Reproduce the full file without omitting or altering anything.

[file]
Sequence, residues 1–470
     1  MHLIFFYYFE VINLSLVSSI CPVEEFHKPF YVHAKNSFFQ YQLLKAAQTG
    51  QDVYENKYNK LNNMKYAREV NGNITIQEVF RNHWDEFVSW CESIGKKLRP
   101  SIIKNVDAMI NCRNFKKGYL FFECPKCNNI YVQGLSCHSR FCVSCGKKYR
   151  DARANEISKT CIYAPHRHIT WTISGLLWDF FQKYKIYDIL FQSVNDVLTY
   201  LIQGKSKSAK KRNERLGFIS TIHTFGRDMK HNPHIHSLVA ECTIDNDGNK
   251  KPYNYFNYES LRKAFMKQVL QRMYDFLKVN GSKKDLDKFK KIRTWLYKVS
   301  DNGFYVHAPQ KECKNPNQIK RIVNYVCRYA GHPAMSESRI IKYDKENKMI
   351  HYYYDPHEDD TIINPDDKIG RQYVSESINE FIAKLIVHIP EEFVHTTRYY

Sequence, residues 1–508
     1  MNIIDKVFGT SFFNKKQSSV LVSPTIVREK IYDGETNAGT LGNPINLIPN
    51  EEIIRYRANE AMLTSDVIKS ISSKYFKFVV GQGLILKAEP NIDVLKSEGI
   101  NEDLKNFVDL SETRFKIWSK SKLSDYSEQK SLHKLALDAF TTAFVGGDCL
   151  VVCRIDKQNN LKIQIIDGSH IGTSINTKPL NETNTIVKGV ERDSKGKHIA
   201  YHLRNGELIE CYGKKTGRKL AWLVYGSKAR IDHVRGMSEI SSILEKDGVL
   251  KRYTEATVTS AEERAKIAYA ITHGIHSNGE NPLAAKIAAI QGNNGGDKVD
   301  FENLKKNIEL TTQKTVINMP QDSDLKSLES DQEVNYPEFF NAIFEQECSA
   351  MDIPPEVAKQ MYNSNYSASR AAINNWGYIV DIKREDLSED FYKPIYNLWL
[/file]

Sequence, residues 1–470
     1  MHLIFFYYFE VINLSLVSSI CPVEEFHKPF YVHAKNSFFQ YQLLKAAQTG
    51  QDVYENKYNK LNNMKYAREV NGNITIQEVF RNHWDEFVSW CESIGKKLRP
   101  SIIKNVDAMI NCRNFKKGYL FFECPKCNNI YVQGLSCHSR FCVSCGKKYR
   151  DARANEISKT CIYAPHRHIT WTISGLLWDF FQKYKIYDIL FQSVNDVLTY
   201  LIQGKSKSAK KRNERLGFIS TIHTFGRDMK HNPHIHSLVA ECTIDNDGNK
   251  KPYNYFNYES LRKAFMKQVL QRMYDFLKVN GSKKDLDKFK KIRTWLYKVS
   301  DNGFYVHAPQ KECKNPNQIK RIVNYVCRYA GHPAMSESRI IKYDKENKMI
   351  HYYYDPHEDD TIINPDDKIG RQYVSESINE FIAKLIVHIP EEFVHTTRYY

Sequence, residues 1–508
     1  MNIIDKVFGT SFFNKKQSSV LVSPTIVREK IYDGETNAGT LGNPINLIPN
    51  EEIIRYRANE AMLTSDVIKS ISSKYFKFVV GQGLILKAEP NIDVLKSEGI
   101  NEDLKNFVDL SETRFKIWSK SKLSDYSEQK SLHKLALDAF TTAFVGGDCL
   151  VVCRIDKQNN LKIQIIDGSH IGTSINTKPL NETNTIVKGV ERDSKGKHIA
   201  YHLRNGELIE CYGKKTGRKL AWLVYGSKAR IDHVRGMSEI SSILEKDGVL
   251  KRYTEATVTS AEERAKIAYA ITHGIHSNGE NPLAAKIAAI QGNNGGDKVD
   301  FENLKKNIEL TTQKTVINMP QDSDLKSLES DQEVNYPEFF NAIFEQECSA
   351  MDIPPEVAKQ MYNSNYSASR AAINNWGYIV DIKREDLSED FYKPIYNLWL